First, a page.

Q.

I need some help. What is the secret to obtaining the elusive rippled stomach? Is it best to do one long continuous set of sit-ups or several sets with a lot of repetitions? Is one type of sit-up better than others? Is it better to skip days between workouts or exercise daily? Also, I've been trying to get rid of my love handles. I'm 24, 6 1", 170 pounds, and I run or bike strenuously every day for a least 30 minutes, but I've still got 'em. Please give me some advice. -- C. Z.

A.

You've asked some controversial questions. Some exercise teachers say you should let your muscles rest a day between workouts. But I believe that if you really want to make changes in your body, you have to work out every day. It's a good idea, though, to vary your workouts. For example, work out on weight machines one day, then take an aerobics class or go biking the next.

As for obtaining a rippled stomach -- that's really hard to achieve. You have to work really hard for those ripples. And I'm talking about two-hour workouts every single day, with at least 30 minutes devoted solely to stomach work. Most people can't sustain stomach workouts for longer than five minutes. But if you add a little time onto each session, you'll get there in no time. I think it's best to do short sets of sit-ups. Do eight, then rest and keep repeating that cycle. During a long set of, say, 50 or 100 sit-ups, it's hard to keep your form perfect. You might tend to pull yourself up by using your shoulder or neck muscles instead of concentrating the movement on your abdominals. Pay attention to form by keeping your knees bent and pressing the small of your back into the floor. There's also a controversy on where your hands should be. Some advocate placing your hands behind your neck for support. Others say your arms should be crossed on your chest for added resistance. I say, put your hands where they feel right for you.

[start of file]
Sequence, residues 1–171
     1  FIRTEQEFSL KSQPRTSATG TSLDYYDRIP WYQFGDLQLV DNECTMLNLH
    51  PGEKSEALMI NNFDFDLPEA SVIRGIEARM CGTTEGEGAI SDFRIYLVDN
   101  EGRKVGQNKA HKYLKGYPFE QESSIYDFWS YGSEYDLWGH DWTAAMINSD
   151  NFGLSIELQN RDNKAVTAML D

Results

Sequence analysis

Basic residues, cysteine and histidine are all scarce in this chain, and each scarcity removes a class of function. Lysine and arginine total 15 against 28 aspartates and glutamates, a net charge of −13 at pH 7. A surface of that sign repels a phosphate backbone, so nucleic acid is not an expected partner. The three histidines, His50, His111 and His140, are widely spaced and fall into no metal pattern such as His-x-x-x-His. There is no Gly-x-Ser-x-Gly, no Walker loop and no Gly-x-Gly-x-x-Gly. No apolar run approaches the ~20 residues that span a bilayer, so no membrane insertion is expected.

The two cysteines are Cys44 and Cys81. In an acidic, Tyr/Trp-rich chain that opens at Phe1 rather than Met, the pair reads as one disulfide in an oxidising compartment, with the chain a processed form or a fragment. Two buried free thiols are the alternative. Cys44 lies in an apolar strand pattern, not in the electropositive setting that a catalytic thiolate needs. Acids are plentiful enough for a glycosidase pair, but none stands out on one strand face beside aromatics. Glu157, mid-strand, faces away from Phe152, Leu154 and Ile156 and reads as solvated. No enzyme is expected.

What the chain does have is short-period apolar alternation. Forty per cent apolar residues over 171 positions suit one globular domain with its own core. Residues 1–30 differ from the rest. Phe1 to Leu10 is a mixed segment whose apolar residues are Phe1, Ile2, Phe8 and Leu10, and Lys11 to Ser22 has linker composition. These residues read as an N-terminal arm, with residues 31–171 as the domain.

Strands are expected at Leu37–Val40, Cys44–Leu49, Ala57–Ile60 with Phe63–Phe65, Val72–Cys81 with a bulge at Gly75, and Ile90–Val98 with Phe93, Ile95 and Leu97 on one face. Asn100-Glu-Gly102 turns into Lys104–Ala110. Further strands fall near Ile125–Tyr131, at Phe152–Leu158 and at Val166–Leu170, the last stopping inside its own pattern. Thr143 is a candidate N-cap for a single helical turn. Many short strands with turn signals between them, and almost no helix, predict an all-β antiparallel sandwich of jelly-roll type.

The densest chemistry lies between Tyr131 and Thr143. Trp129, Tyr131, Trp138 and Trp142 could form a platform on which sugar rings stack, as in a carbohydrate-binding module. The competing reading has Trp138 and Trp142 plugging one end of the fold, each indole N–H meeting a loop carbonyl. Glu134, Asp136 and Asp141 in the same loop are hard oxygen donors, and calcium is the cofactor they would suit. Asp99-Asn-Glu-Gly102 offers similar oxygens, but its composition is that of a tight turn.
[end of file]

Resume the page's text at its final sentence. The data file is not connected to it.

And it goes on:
To help tone up those "love handles," try doing a sit-up and then twisting so that you're aiming your right elbow toward your left knee. On your next sit-up, twist so that your left elbow is toward your right knee.

Q.

I have very weak pectoral muscles. Cable-crossover and pec-machine crossovers have little or no effect on them. Nerve testing has shown that there is no problem in that area. What could I have overlooked? -- R. R.

Q.

I am a 32-year-old unmarried woman but my breasts have started sagging and I wonder if you can help me with a workout for this problem. -- E. M.

A.

I'm answering both letters together because many men and women share the problem of weak pectoral muscles. Men who work out on resistance weight machines -- such as Nautilus -- often can strengthen their pecs by increasing the weight that they're pulling. Also, try increasing the number of repetitions. If you're now doing 12 repetitions at 80 pounds, try 15 reps at 90 or 100 pounds. This may give you that bulkier look you want.

Women, though, want a leaner look and should use much less weight than a man. Instead, women should increase their repetitions. Women also should realize that pectoral exercise won't make their breasts larger, but regular workouts can give you a firming effect that might make your silhouette appear uplifted.

Other non-weight exercises can help too. Try standing straight and tall, with knees slightly bent. Bent your elbows and bring knuckles of both hands together in front your body. Press knuckles together and tense your pecs. Hold for 15 seconds. Repeat five times. I like this exercise because you can do this when you're at the office several times a day. Every little bit helps.

Push-ups are good, too, but remember to place your hands shoulder-width apart and to keep your back straight as you lower and raise your body. Another favorite of mine is to stand straight and tall, knees slightly bent. Bend your elbows so that your fingertips point toward the sky. Bring your arms together in front of your elbows to your pinkies. Hold for 5 seconds. Release. Repeat 10 times.

In every exercise, form is important, but in pec work, it's essential. Make sure you tense your pec muscles. Don't let your shoulders and arms do the work. You really need to feel it in your chest. Advanced students can do these exercises while holding hand weights, but make sure the added weight doesn't impair your posture.